I cannot watch all this anymore and stay silent. So I’m acting out of character. At 8 a.m. one Friday last month, I went to a PTA meeting. I was nervous. It was my first time, which was embarrassing because my youngest is in fifth grade. As I walked in, another mom put me at ease. She said, “I hope it’s not too hot in there.” Under her fleece, she still had on her pajama top.
She came to hear about the “Pay our Teachers First” campaign I created with a middle school teacher. Our goals are to raise awareness and deliver a simple message to North Carolina representatives: Pass legislation to get teacher pay back up to the national average, or we will vote you out.
Some people tell me this fight is futile—that Chapel Hill is a tiny blue bubble in a big state gunning to destroy public education. Recent polls suggest they are wrong. A nonpartisan survey from October 2013 showed that 76 percent of North Carolinians agree that public school teachers are paid too little, 71 percent think we cannot keep the most qualified teachers with the current pay scale, and 83 percent support increased pay for higher degrees. I love these data. They prove that the recent legislative assault on teachers does not reflect true North Carolina values.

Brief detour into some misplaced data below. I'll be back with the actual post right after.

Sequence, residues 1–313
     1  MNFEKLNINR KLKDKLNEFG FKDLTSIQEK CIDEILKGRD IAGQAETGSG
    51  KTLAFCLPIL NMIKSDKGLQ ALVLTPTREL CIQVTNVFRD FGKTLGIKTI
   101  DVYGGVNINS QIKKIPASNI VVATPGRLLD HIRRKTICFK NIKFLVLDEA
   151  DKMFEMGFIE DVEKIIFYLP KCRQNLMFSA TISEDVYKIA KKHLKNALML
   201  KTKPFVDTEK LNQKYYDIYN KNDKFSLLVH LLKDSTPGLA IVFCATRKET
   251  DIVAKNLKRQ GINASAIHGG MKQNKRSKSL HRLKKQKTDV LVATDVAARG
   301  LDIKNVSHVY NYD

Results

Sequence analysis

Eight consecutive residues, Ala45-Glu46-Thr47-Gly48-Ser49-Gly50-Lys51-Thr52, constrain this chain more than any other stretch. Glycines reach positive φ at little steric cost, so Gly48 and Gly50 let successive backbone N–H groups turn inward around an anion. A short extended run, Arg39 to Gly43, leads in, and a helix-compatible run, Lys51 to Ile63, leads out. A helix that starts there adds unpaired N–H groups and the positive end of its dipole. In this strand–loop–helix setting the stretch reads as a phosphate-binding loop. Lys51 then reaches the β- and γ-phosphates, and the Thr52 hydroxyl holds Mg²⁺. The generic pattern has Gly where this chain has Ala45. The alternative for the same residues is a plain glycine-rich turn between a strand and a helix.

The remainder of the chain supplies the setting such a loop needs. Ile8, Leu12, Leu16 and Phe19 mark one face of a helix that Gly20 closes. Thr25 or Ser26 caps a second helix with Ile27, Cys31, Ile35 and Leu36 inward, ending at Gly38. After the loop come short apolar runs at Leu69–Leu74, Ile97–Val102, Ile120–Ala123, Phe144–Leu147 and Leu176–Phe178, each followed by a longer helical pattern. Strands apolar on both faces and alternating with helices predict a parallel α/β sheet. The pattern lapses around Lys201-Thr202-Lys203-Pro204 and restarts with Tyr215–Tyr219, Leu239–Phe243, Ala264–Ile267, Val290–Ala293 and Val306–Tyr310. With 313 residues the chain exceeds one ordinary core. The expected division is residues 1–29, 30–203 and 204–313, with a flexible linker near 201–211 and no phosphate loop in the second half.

In November parents and teachers met in my home to listen to the teachers’ concerns and make a plan of action. We learned that, only a few months into the school year, our middle school had no more paper and printer ink and no funds to buy more. The next morning, parents brought them in. We are organizing volunteers to supervise lunch so our teachers will have a planning hour. I used to think “wearing red for public ed” on Wednesdays was silly. Now I understand that this quiet gesture shows we hear the demoralizing messages from Raleigh, and we disagree. A social studies teacher and I designed a red “Pay our Teachers First” T-shirt and a website to raise money and awareness. One chilly morning, parents and children held signs and cheered as teachers walked into work. A math teacher was so moved by this rare sign of recognition, she burst into tears. Our children made a film to encourage generous holiday donations. My neighbor Melinda set up a crowdfunding site to collect them. More than a hundred generous gifts came in so quickly, the Deposit a Gift site owner called to ask for our secret.
Meanwhile, booster campaigns and rumors of better pay do not stop teachers from leaving our schools. With every report of another talented teacher lured away from the profession or to another state by much better pay, I fear if we don’t act fast, our public schools will hemorrhage talent in the next year. In an anonymous survey of the middle school teachers at my son’s school, half said they are looking for other jobs.
There is so much more to do. We have to let our teachers know we have their backs. Although parents divide along so many lines—religious or secular, liberal or conservative, vegetarian or meat-eating, working in or outside the home—most of us deeply value our public schools. Together, we will test Margaret Mead’s belief “that a small group of thoughtful, committed citizens can change the world.” Our children face a powerful, well-financed threat. We must show them we are here to protect their future.
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